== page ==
Saturday, August 16, 2008

Ocimum sanctum

Among the most aromatic of herbs is the basil. One variety of
this herb--ocimum sanctum--has for centuries been regarded as holy,
in India. Belonging to the family 'labiatae' it is not more than
25cm to 50cm in height. Native to India, south-east Asia,Iran, and
the north-eastern parts of Africa, it is widely cultivated for its
oil and medicinal properties. The plant has several branches covered
with fine hairs. The flowers are tiny: white with a little purple.
In India it is known as 'tulsi' meaning the incomparable one. Hindus
worship the plant and the epics are full of the miraculous and sacred
events connected with the different species of basil. It is said that
even snakes dare not enter a house which has the plant at its door!

The leaves are used for treating common colds, headaches, poisoning
and stomach disorders. It also acts as a deterrent to mosquitoes,
insects and bacteria.
Since the leaves have antiseptic properties, a paste made by crushing
the leaves, can be applied to wounds, which then heal quickly.

According to Ayurvedic literature, the crushed roots applied to
a snake bite or scorpion sting, brings relief to the victim and
also nullifies the poison.
Personally, I love the freshness of the smell that you get as you
pass by the plant. The little doses of zing--on a sunny or a cloudy
day-- and I have them in several pots around my yard.


Titania said...

A really great healing plant. Phytology is such an interesting subjekt. I have heard about Ayurvedic but I do not know much about it. So, I wouldn'd mind to learn about it. In these healing methods is so much knowledge. In our western medicine it has come to the point where money making is much more important and the teachings of western medicine is wearing big blinkers.

spookydragonfly said...

Hi Kanak - I enjoyed this post - it's always interesting to read the histories of different plants! I noticed that it seems you have alot of houseplants, also. I used to have many indoor plants before adopting the cats..I miss the plants indoors. I'll bet your home is as pretty as your garden.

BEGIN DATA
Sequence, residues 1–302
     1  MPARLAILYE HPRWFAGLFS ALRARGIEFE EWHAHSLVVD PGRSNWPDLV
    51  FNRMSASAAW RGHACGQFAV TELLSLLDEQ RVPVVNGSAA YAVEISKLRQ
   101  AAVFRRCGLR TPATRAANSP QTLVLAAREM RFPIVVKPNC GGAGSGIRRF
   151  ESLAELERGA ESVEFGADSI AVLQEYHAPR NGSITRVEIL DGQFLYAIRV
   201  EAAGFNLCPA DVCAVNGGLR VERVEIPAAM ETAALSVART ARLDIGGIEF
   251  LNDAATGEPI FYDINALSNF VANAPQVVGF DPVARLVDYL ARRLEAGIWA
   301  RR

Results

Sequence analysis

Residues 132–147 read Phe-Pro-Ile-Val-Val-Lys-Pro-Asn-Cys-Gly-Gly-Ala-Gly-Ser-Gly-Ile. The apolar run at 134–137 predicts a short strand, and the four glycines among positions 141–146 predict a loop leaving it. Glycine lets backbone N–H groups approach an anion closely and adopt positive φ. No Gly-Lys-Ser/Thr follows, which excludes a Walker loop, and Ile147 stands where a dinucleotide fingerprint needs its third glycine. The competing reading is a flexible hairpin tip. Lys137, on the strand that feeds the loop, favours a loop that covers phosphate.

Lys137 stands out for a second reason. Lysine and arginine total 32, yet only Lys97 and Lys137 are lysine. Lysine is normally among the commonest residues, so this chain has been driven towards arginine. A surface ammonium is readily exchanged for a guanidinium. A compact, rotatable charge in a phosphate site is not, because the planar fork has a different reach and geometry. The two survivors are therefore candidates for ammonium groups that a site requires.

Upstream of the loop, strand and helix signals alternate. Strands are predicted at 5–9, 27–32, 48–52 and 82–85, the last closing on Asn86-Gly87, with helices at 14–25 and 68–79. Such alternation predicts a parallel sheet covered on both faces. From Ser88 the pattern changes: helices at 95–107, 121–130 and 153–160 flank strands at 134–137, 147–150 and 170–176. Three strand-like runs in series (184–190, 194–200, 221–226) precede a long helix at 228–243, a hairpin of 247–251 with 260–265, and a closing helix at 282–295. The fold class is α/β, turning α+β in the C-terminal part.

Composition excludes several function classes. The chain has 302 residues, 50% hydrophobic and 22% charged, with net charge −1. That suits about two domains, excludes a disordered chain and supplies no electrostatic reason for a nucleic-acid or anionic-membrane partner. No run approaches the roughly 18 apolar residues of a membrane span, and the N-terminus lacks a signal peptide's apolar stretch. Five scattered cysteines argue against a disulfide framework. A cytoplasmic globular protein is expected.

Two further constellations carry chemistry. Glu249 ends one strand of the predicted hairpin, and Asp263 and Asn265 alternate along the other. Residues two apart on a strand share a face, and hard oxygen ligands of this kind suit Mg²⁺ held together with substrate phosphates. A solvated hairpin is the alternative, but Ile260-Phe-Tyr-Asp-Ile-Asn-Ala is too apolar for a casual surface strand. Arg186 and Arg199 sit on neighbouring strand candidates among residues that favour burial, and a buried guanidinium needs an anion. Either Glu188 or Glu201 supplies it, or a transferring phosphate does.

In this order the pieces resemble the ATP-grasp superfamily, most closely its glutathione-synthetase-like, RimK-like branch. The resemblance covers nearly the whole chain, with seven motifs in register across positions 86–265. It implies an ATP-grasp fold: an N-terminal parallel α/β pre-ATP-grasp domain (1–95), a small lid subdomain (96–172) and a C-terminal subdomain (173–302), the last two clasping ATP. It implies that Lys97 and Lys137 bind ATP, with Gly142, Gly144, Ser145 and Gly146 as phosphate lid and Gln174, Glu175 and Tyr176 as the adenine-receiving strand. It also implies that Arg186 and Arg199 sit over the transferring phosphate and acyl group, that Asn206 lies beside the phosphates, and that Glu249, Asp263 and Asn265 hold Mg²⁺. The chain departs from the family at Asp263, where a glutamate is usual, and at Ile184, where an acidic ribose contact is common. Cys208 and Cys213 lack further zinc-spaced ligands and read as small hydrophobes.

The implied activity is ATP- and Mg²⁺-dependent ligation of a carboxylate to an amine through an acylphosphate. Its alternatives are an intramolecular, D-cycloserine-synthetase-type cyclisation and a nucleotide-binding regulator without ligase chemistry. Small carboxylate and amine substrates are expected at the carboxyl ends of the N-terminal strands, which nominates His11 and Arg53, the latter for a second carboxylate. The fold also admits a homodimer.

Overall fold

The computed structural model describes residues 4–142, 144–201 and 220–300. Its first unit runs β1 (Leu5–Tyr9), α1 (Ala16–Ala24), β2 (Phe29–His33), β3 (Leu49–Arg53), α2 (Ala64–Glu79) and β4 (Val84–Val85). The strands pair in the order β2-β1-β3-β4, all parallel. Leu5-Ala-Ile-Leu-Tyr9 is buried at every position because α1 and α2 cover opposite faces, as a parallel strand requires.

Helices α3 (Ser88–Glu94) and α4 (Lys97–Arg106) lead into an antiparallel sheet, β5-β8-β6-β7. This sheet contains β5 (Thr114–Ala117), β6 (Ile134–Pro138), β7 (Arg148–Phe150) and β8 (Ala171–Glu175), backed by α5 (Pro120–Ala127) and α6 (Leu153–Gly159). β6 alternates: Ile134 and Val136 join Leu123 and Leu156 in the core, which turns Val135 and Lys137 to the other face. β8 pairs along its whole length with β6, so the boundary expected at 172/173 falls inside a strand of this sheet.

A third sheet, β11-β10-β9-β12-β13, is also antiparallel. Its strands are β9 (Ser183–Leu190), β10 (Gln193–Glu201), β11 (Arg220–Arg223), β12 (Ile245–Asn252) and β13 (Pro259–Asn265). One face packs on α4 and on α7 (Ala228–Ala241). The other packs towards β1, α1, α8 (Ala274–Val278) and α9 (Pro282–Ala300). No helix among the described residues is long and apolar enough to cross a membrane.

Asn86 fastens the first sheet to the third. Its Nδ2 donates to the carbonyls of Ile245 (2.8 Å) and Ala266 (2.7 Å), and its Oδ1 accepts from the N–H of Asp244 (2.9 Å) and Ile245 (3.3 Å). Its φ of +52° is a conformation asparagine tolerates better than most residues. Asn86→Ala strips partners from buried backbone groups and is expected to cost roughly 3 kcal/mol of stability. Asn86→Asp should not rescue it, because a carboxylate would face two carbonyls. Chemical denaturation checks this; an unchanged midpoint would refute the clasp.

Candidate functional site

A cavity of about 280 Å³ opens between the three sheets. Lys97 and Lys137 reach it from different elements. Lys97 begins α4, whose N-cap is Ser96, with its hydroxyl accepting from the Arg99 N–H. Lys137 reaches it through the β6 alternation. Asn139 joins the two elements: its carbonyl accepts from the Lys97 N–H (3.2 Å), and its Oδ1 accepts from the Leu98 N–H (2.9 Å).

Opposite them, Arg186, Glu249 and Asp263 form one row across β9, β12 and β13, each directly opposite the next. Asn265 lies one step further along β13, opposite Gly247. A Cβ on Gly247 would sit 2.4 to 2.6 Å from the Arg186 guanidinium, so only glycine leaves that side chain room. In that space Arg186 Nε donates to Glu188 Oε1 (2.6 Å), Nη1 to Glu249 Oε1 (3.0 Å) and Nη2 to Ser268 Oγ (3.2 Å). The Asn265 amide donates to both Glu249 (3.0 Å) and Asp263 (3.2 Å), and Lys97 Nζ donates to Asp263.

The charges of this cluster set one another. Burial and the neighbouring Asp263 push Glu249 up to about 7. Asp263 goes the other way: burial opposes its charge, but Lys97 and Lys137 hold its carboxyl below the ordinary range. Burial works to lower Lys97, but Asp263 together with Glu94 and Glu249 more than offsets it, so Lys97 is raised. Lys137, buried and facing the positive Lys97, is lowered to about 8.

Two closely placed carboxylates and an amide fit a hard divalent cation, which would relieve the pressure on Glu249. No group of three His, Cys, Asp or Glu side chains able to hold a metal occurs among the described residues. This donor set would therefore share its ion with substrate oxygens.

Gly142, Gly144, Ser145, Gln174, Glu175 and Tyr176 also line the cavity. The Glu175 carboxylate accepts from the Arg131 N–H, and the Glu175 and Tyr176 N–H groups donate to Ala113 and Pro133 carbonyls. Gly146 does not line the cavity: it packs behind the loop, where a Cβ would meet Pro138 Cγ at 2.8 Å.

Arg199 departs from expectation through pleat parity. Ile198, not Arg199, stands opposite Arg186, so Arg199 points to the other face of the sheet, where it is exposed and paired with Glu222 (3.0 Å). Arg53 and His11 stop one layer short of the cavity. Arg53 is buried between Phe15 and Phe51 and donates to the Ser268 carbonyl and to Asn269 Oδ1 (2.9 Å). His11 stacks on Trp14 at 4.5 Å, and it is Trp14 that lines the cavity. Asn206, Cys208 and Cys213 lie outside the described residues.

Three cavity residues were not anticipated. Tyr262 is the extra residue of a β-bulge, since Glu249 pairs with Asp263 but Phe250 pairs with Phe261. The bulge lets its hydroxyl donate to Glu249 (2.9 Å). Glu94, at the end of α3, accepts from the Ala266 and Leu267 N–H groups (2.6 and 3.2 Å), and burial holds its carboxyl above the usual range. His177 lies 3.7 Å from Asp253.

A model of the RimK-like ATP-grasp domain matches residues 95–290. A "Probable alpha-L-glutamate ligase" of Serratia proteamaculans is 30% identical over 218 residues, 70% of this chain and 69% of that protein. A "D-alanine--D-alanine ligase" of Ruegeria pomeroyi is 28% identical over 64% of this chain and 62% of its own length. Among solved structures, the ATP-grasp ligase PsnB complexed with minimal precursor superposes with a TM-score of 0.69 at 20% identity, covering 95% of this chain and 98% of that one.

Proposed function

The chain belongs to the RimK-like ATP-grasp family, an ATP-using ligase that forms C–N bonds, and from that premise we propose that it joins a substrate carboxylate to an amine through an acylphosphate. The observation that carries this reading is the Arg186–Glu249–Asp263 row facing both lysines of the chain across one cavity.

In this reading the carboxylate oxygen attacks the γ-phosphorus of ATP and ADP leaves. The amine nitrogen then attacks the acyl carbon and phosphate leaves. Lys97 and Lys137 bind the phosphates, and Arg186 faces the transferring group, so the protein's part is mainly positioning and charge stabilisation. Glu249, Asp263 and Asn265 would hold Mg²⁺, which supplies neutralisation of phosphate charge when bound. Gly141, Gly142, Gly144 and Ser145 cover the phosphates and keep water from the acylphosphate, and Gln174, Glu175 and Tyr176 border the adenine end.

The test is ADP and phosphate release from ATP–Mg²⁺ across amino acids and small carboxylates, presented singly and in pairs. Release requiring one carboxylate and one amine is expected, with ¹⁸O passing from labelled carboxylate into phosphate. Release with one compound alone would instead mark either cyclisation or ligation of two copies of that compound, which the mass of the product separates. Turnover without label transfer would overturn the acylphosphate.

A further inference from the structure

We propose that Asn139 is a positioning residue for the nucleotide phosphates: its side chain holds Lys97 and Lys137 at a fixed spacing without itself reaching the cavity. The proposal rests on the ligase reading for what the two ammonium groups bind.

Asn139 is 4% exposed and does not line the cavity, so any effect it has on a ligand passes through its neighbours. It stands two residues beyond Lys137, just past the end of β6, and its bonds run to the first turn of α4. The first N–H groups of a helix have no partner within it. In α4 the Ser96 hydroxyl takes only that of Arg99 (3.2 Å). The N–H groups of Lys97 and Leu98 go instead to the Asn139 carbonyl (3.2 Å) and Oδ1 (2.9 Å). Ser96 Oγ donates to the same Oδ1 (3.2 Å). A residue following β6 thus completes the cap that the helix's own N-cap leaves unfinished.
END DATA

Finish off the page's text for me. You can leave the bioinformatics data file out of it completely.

Daphne said...

I love all the basils. I tried growing holy basil this year but it didn't germinate. I'm going to have to try again next year. I too like going by the basil. I always brush it to get that wonderful scent in the air.

Rhonda said...

I adore basil. Every year I let atleast one plant flower and I get tons of little baby plants all over the garden. I then scoop them up and plant them in small containers, keeping several for myself and giving many away. This way I have fresh basil in the house during winter. Also, hang a bunch of it upside down to dry then use a coffee grinder to grind up the dry leaves. never need to buy dry basil again.

Kanak Hagjer said...

Trudi, I haven't read in any great detail but I keep googling and one does come across really interesting bits of information.
Another thing I wanted to tell you is that I'll need a little time regarding the Blogger Friendship award you gave me.It's truly a wonderful feeling to be thought of...remembered. Thank you once again!

Kim, the overall appearance of my yard is a little on the wild side, mostly because I don't believe in symmetry. Since the soil here retains water (the area is low-lying) I use a lot of pots, I don't have a choice! About the last plants are definitely better-looking than my home!!!

Hi Daphne, so glad you stopped by! I hope this time the basil seeds will germinate and you'll have these wonderful plants in your yard again!